I also posted a lot about my experiences on information stalls on the streets of Cork, because that's where I was most involved. I work evenings, so door-to-door canvassing was out, and lunchtime information stalls were where I first joined Rebels for Choice in 2016, so it made sense to me to contribute in that way.

If you were handed a Together for Yes leaflet on Cork's streets in 2018, chances are I, or one of my team, gave it to you.

Canvassing and street stalls have the same aims — to engage with voters, get the leaflets into their hands, answer questions, and also to gauge the mood — but they have significant differences as well.

On a canvass, unless someone chases you down their garden path, you can get away from an encounter that's turning nasty.

Also, the doorstep acts as a barrier of sorts — the canvasser out in the public sphere, the canvassed in their private sphere. Out on the public thoroughfares of our cities and towns, there's no such protection.

Street stalls were important to Repeal for a number of reasons. They were a very public declaration of the campaign. They declared: "We're here." They declared: "We are part of the civil life of this State."

Going back to Ancient Greece and beyond, the street is public life, a public forum. Taking up public space with your table, banners, and leaflets is a political act.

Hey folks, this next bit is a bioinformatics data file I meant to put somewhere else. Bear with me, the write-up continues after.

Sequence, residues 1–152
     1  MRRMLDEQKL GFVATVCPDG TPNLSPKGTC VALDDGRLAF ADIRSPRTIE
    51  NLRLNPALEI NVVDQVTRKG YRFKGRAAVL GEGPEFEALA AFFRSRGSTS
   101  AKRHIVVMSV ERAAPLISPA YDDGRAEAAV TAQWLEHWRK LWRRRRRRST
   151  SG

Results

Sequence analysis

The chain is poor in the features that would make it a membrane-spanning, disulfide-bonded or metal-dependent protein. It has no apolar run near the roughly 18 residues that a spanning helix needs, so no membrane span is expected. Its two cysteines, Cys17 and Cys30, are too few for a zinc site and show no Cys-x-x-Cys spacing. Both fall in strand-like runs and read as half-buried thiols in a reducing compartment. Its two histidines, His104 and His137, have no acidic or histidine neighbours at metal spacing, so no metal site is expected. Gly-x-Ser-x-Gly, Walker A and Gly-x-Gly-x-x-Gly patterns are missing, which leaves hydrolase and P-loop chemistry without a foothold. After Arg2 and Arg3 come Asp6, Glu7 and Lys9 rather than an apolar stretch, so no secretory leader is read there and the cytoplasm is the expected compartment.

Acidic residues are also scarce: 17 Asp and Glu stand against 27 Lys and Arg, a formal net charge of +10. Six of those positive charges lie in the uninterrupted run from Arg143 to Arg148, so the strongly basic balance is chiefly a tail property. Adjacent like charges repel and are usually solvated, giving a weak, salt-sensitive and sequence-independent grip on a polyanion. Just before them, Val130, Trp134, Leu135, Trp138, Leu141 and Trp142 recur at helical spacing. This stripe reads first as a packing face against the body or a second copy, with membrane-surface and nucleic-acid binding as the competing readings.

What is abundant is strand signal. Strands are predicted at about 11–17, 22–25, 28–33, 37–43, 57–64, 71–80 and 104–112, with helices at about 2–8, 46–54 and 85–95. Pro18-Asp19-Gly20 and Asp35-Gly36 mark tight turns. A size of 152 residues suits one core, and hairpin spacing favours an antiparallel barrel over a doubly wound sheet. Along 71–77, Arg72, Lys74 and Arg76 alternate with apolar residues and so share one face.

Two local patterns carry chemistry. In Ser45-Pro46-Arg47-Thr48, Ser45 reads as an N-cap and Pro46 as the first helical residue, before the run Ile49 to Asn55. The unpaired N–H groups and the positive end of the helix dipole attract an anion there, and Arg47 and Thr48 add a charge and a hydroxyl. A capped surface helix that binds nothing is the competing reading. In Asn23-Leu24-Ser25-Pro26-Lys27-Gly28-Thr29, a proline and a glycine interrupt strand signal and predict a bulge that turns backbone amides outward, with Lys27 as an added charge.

Having a stall on a busy street means being seen by thousands of passers-by. You might not get to talk to them all (though there were definitely days when Cork Together For Yes gave out thousands of leaflets) but you become a talking point for those thousands of passers-by.

Outside of cities with an established pro-choice presence, information stalls were vital in finding like-minded activists and were very often the first event held by a new rural Together For Yes group.

Across Ireland, huge numbers of volunteers were recruited at stalls because people could approach a friendly face and have their questions answered.

Of course, this also meant anyone who wanted to have a go at you was free to do so.

To some people, if you're out on the street, you're fair game for their worst impulses. In Cork, we ran street stalls once a week from Jan 2018, ramping up to twice a week in April, and every day in May.